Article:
Dear Wine Wizard, I’m bottling some mead, and wanted to add that extra special touch to the finished product. I’ve seen some bottles with a wax coating on the top, the kind
You all seem to have the same problem, so I thought I’d answer you all together. Acid adjustment, or better, achieving the right acid balance, is one of the arts of winemaking.
Hold on there, tiger! If you’ve got a standard 0.44 gram Campden tablet and you’re putting it in one gallon (3.8 L) of wine, you’re blasting it with 66 mg/L sulfur dioxide,
Dear Wine Wizard, I’m new to wine making but I have made beer and mead for three years. What types of grapes and yeast are used to make lambrusco wine? Also the
Dear Wine Wizard, After I stabilized my wine, I added French medium toast oak beans to the Chardonnay 3/4 cup (new beans), Sauvignon Blanc 1/3 cup (new beans), Ruisseau Blanc 3/4 cup
Wine Wizard replies: Your question is complex. In fact, it could lead to pages upon pages of response if I elucidated upon “all those chemicals” (and many of them are not really
Wine Wizard replies: If you’ve seen a lot of home winemaking recipes that recommend pounds upon pounds of refined sugar, it’s because refined sugar is the cheapest agent available to home winemakers
Dear Wine Wizard, I made homebrewed beer for a long time, but during the last couple of years I have gravitated more towards making wine and mead. I know that it’s safe
Brettanomyces is a particularly nasty yeast that is often the bane of the collective existence of many winemakers. Its foul-smelling byproducts have often been called “barnyardy” or “mouse pee-like” on the sensory
In regards storing your opened can of concentrate, I would freeze it. Dump the remains into a Tupperware or other freezer-safe storage container and stick it in your freezer. The high sugar
Wine Wizard replies: The short answer to your question is: 0.45 micron nominal filter pads are the industry standard for “sterile” filtration. These pads prevent all yeast and bacteria from getting through.
Have no fear of the Champagne yeast failing to take off in your honey. As long as you dilute the honey accordingly, you’ll have a sugar solution that the yeast should happily
You’re right in assuming that it has something to do with acidity, but the answer you’re looking for is not exactly the presence of an acid but rather the absence of one.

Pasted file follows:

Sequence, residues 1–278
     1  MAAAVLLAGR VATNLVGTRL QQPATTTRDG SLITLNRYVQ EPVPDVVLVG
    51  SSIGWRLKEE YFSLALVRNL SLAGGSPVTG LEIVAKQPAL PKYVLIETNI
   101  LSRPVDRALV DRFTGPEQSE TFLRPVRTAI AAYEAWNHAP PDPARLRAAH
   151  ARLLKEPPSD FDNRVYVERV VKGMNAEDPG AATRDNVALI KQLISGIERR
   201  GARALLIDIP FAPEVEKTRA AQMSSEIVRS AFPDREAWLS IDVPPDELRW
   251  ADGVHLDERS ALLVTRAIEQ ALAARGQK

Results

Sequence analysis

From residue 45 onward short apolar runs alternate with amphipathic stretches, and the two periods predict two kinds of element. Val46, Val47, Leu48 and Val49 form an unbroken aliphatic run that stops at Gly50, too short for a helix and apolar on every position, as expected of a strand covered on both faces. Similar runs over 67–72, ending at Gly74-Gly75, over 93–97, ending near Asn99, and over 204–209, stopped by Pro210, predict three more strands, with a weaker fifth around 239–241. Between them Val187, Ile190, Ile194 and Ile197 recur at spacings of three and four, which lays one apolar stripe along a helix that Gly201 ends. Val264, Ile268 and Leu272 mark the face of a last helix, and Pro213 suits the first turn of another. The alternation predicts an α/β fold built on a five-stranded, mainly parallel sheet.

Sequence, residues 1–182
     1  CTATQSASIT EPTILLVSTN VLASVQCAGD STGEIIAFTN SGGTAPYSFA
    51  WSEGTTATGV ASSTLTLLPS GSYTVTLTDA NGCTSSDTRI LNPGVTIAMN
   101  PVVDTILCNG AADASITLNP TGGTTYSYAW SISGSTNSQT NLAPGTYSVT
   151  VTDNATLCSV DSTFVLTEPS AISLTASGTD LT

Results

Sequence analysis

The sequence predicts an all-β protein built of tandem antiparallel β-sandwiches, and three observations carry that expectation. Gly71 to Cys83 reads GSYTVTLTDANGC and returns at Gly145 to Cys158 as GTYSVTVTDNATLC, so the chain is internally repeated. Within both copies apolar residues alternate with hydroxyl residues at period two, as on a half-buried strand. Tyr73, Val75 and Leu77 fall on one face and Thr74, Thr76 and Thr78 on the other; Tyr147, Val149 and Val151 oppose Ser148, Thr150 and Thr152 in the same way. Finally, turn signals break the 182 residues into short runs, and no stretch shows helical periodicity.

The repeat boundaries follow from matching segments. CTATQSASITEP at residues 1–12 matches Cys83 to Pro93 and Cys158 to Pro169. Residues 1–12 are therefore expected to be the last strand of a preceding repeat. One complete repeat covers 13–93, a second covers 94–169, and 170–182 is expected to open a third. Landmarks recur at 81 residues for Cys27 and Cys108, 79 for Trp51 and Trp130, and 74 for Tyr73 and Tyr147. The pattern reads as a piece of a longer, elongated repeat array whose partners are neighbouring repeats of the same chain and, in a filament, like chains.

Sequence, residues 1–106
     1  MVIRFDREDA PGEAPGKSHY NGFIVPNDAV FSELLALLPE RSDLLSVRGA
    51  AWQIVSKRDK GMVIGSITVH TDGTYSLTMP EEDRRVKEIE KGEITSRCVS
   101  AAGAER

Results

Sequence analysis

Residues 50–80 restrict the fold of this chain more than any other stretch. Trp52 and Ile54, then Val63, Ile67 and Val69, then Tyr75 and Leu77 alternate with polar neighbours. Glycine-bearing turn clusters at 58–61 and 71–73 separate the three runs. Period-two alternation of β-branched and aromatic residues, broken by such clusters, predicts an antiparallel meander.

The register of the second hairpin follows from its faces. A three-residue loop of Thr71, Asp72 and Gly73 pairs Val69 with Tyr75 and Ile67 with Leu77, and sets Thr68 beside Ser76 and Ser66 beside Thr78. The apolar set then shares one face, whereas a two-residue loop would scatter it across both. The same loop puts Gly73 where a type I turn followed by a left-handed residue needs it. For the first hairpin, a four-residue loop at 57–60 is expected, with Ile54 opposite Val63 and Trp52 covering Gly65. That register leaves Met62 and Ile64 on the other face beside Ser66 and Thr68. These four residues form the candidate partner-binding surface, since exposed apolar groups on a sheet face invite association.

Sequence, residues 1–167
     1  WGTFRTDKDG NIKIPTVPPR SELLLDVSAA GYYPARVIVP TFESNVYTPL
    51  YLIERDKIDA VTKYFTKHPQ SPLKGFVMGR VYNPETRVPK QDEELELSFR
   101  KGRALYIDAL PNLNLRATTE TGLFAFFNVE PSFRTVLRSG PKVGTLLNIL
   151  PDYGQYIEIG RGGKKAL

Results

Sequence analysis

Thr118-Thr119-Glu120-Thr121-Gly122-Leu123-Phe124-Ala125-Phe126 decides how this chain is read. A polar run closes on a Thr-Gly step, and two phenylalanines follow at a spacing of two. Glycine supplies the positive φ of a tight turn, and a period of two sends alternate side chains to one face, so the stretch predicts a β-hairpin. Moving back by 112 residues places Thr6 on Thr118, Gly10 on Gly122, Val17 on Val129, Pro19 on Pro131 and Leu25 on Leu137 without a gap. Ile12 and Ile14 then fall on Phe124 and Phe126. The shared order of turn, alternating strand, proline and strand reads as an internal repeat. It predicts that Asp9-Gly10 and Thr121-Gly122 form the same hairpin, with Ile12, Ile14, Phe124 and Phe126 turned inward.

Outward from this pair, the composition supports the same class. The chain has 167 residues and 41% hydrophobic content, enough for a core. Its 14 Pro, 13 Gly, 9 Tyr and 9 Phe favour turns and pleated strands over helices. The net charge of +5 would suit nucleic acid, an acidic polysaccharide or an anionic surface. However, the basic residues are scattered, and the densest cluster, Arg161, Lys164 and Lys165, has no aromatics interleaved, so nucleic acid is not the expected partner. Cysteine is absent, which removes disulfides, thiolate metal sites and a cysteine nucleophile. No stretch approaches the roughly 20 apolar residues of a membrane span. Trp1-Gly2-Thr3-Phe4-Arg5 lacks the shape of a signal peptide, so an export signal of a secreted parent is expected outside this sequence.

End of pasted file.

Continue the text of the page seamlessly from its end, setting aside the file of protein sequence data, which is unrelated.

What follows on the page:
Commercial wineries get a lot of their argon from welding supply houses, so there’s no reason you shouldn’t, too. The only thing that I would wonder is just how much argon you’ll
Home winemakers use bananas, both dried and fresh, as a source of perceptible sweetness and body. Both effects are derived from the complex polysaccharides (that’s a fancy name for big, long-chain sugars)
Dear Wine Wizard, Our Zinfandel wine is now in secondary fermenters, with free-run wine separate from the pressed. Do you have advice on allowing the free and pressed wines to go their
Dear Wine Wizard, I did not rehydrate my yeast before I pitched it. How do I do this and what happens if I don’t? John Eastwood Cleveland Wine Wizard replies: Rehydrating yeast
Dear Wine Wizard, I make wine in five-gallon batches from juice that I buy in Canada. I also buy skins, stems, and small bags of toasted oak chips, then let it all
Dear Wine Wizard, My partners and I, for the first time, bought Merlot grapes last year. We followed our normal procedure, which we have been using for the past five years for
Your yeast packet is almost guaranteed to be past its prime. Yeast cells, even those that have been freeze-dried, certainly do have an expiration date. Using yeast that is more than six
Wine Wizard replies: To sulfite or not to sulfite: That is the question. It’s one that fires hot debates in the cellars of wineries worldwide. Sometimes seen as a personal choice, the
Wine Wizard replies: Even though I’d have to see the recipe and an outline of what you do every step of the way to truly diagnose the cause, I can, however, tell